C.J. and I have been traveling with our hang gliders and paragliders since 1983 and we’ve rarely done a commercial, guided trip. However, if you want to maximize your flying opportunities, that’s the way to go. We re-discovered that this summer at Verbier where we got at least two flights per day, three if we had the energy, with the Verbier Summits twins, Stu and Mike. And this fall we got more hours and miles with Luis Rosenkjer and Todd Weigand in a week than we ever get in a month flying on our own.
After reading the Lonely Planet guide Chile & Easter Island and Condor Trail by Dylan Neyme, we still were taken by surprise when we disembarked the LAN flight from Santiago to Iquique to see that we really had reached the end of the line. Beyond the airport there was no tree, no shrub, no blade of grass. Welcome to the Atacama desert. Iquique, a city of 200,000 residents, occupies a narrow plain between the Pacific Ocean and the clifflike cuesta leading to the plateau that extends inland as first the dry and barren pampas, then climbs to the scrubby steppe grasses of the altiplano, finally reaching the heights of the Andes.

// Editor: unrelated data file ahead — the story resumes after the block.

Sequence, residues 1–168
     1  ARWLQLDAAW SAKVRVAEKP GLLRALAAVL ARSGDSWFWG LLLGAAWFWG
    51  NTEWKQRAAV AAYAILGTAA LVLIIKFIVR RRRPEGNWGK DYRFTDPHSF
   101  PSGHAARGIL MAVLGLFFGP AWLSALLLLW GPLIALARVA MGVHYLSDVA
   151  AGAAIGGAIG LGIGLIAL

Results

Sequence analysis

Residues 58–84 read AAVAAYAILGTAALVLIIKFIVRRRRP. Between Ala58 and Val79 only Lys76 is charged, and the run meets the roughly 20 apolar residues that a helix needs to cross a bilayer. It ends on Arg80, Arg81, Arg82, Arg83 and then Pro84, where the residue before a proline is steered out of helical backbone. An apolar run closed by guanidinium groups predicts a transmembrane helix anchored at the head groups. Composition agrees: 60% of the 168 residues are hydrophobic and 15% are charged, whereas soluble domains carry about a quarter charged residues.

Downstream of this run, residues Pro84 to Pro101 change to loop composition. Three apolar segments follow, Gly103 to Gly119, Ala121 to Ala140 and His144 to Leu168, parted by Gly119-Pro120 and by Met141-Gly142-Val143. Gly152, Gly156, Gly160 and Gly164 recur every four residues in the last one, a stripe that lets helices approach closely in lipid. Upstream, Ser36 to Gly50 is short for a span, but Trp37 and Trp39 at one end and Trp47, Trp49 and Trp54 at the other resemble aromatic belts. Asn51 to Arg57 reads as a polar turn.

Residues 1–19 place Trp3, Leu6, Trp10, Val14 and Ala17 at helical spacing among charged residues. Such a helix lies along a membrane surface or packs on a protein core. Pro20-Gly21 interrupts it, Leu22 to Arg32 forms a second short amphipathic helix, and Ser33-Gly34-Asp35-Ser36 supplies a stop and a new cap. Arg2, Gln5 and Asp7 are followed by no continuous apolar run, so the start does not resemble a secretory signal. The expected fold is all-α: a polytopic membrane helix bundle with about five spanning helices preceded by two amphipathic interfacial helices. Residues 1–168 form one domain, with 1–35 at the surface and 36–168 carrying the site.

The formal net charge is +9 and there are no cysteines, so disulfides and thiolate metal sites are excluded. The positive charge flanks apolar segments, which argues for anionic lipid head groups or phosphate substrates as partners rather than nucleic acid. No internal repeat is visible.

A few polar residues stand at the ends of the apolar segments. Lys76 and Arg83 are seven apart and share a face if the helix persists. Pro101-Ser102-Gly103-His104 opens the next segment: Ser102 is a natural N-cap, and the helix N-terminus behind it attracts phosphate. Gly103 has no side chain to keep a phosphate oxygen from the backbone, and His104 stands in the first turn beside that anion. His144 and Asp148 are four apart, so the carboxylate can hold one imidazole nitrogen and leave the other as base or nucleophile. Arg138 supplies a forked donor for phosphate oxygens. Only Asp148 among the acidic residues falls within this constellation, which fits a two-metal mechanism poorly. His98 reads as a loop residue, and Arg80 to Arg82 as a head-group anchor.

We could have spent our week flying from the top of the ridge above the city of Iquique, the Alto Hospicio launch, boating around along the ridge to the north, gaining altitude (but hardly ever more than a few hundred feet above the ridge) and flying across the width of the city to land on one of the long, sandy beaches. Or we could have spent afternoons several miles south of the city at Palo Buque where a low E-W ridge sticks out into the SW onshore wind, benching up to cross onto the high bluff to the west. Pilots might soar here for hours or whoop and swoop along the sand dragging body parts or sand-skiing. Others would land high up on the slope and just hang out until the magic of a sunset flight would beckon them into the air to glide to the valley floor.